A New Zealand court has delayed an extradition hearing for internet tycoon and Megaupload founder Kim Dotcom until March 2013 because of questions about the search and seizure of evidence by the United States where he faces charges of internet piracy and fraud.
William Akel, one of Dotcom's lawyers, said on Tuesday a hearing scheduled for August has now been postponed to a tentative date of March 25 because two judicial reviews regarding illegal search warrants and evidence disclosure are still underway.
"It was inevitable that the hearing for August was going to be vacated because we have two existing cases in the High Court," Akel told Reuters.
In its highest-profile investigation into online piracy, the U.S. Federal Bureau of Investigation alleges that Dotcom, also known as Kim Schmitz, led a group that has netted $175 million since 2005 by copying and distributing music, movies and other copyrighted content without authorization.
Dotcom's lawyers say the company simply offered online storage.
The extradition hearing delay follows the New Zealand High Court's ruling in June that search warrants used by police to search the flamboyant Dotcom's house to collect evidence were illegal. The court also ruled that copying the evidence by the FBI and sending it to the United States was also unlawful.
Dotcom's lawyers and the prosecution are awaiting a decision on how to handle evidence obtained under the illegal warrants and whether evidence to be used in the U.S. criminal case will be disclosed to the defense team at the extradition hearing.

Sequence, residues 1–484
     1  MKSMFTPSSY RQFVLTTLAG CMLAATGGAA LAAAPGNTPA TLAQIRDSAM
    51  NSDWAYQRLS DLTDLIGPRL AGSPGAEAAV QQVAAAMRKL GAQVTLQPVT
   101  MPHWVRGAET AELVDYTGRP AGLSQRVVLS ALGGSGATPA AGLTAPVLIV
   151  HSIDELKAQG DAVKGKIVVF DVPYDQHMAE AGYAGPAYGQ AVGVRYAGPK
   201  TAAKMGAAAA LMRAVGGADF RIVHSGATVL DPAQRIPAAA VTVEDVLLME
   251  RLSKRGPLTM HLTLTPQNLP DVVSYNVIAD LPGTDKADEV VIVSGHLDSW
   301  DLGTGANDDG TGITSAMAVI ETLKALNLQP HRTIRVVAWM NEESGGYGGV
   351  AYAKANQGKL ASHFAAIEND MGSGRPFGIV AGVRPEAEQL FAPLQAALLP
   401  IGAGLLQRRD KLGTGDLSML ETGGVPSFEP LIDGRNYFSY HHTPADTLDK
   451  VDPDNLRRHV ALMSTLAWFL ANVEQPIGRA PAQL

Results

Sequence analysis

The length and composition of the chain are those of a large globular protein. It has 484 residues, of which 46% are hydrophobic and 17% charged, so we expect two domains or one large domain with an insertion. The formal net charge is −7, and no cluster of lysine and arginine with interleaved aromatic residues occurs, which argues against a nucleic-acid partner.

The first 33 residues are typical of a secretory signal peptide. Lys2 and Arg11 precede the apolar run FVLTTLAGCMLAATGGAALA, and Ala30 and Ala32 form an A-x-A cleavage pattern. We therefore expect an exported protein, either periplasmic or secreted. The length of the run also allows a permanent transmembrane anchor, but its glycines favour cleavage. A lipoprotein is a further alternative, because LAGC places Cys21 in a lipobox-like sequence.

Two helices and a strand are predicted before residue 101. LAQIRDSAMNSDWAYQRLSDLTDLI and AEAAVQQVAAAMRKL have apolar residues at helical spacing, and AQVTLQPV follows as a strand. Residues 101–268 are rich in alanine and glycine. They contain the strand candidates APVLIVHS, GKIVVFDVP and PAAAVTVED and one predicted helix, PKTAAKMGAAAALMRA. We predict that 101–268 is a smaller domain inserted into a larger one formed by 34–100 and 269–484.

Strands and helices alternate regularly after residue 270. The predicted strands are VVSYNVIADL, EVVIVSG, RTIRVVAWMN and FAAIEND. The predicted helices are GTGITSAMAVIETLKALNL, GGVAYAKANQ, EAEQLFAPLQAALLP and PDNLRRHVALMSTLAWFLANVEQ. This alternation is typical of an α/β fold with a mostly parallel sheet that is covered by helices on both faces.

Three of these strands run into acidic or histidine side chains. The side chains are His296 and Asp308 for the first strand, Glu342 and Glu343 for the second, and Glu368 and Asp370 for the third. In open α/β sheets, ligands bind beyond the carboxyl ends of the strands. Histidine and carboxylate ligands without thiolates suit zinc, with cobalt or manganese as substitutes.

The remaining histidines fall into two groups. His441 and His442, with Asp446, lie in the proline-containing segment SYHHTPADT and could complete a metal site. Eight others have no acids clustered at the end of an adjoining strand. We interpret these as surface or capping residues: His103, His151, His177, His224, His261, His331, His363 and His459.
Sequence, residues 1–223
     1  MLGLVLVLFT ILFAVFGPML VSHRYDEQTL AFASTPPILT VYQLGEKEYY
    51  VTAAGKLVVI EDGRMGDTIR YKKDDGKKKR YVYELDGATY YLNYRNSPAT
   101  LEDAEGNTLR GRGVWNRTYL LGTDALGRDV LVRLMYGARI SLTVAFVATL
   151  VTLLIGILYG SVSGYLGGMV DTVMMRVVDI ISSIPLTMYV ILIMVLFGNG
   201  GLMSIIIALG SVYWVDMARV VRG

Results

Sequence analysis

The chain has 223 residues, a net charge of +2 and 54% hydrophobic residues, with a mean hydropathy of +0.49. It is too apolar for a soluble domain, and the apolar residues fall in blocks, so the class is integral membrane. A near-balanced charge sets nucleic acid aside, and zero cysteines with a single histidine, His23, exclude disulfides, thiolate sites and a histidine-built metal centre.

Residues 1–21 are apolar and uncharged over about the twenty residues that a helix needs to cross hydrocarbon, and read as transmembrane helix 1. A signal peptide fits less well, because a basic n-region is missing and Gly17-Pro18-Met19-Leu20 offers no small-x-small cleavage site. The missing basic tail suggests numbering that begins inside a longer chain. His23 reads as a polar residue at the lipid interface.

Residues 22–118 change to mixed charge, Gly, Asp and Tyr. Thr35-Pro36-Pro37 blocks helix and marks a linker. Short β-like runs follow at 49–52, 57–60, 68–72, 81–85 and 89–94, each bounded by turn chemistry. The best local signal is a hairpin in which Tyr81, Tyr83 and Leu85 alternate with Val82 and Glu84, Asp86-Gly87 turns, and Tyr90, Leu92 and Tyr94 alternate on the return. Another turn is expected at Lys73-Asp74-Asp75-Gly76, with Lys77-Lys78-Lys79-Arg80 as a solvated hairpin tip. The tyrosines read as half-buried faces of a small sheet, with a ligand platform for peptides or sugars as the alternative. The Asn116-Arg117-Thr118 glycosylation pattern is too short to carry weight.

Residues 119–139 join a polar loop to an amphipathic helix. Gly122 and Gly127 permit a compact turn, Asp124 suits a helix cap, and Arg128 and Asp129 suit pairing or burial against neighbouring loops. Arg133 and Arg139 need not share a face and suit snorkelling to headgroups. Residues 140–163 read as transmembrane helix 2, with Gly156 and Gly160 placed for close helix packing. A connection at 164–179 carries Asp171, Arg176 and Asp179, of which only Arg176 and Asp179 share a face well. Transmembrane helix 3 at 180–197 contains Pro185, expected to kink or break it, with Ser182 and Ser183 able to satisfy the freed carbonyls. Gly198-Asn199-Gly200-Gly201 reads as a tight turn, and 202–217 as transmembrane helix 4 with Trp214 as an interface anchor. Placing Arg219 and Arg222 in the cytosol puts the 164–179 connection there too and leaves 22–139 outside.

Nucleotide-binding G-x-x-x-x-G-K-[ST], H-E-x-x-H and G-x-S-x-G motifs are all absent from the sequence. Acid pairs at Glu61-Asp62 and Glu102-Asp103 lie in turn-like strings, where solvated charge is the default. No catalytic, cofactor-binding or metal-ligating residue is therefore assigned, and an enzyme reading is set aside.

Akel said he was "disappointed" about the delay.
"You obviously want the extradition case to go ahead as soon as you can, but you have to put up with the inevitable," he said.
Acting on a request from the FBI, New Zealand armed police, backed by helicopters, swept into the 38-year-old Dotcom's rented estate outside Auckland in January, confiscating computers and hard drives. Dotcom and three others were arrested.
Dotcom was originally denied bail after the raid and jailed for a month, but the courts have progressively eased restrictions on him, allowing him back into his mansion, giving him access to hundreds of thousands of dollars for living and legal expenses and removing some travel and meeting restrictions.
(Reporting by Naomi Tajitsu; Editing by Matt Driskill)